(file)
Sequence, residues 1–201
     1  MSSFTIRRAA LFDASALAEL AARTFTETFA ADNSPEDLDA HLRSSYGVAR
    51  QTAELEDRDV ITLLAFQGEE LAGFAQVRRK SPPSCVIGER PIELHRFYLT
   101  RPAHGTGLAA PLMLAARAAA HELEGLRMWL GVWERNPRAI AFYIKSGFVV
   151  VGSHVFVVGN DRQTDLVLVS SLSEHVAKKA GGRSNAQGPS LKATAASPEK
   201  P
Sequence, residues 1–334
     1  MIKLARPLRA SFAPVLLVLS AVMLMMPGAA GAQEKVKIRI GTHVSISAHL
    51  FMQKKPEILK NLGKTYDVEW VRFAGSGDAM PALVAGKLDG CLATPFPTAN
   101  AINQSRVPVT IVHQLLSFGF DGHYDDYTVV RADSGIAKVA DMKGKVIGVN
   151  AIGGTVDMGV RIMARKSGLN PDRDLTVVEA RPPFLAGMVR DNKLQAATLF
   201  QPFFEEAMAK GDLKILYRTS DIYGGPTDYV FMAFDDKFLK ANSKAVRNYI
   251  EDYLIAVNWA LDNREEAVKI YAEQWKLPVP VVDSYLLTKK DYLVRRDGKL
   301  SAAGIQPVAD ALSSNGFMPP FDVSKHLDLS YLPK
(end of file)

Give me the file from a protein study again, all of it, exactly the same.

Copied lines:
Sequence, residues 1–201
     1  MSSFTIRRAA LFDASALAEL AARTFTETFA ADNSPEDLDA HLRSSYGVAR
    51  QTAELEDRDV ITLLAFQGEE LAGFAQVRRK SPPSCVIGER PIELHRFYLT
   101  RPAHGTGLAA PLMLAARAAA HELEGLRMWL GVWERNPRAI AFYIKSGFVV
   151  VGSHVFVVGN DRQTDLVLVS SLSEHVAKKA GGRSNAQGPS LKATAASPEK
   201  P
Sequence, residues 1–334
     1  MIKLARPLRA SFAPVLLVLS AVMLMMPGAA GAQEKVKIRI GTHVSISAHL
    51  FMQKKPEILK NLGKTYDVEW VRFAGSGDAM PALVAGKLDG CLATPFPTAN
   101  AINQSRVPVT IVHQLLSFGF DGHYDDYTVV RADSGIAKVA DMKGKVIGVN
   151  AIGGTVDMGV RIMARKSGLN PDRDLTVVEA RPPFLAGMVR DNKLQAATLF
   201  QPFFEEAMAK GDLKILYRTS DIYGGPTDYV FMAFDDKFLK ANSKAVRNYI
   251  EDYLIAVNWA LDNREEAVKI YAEQWKLPVP VVDSYLLTKK DYLVRRDGKL
   301  SAAGIQPVAD ALSSNGFMPP FDVSKHLDLS YLPK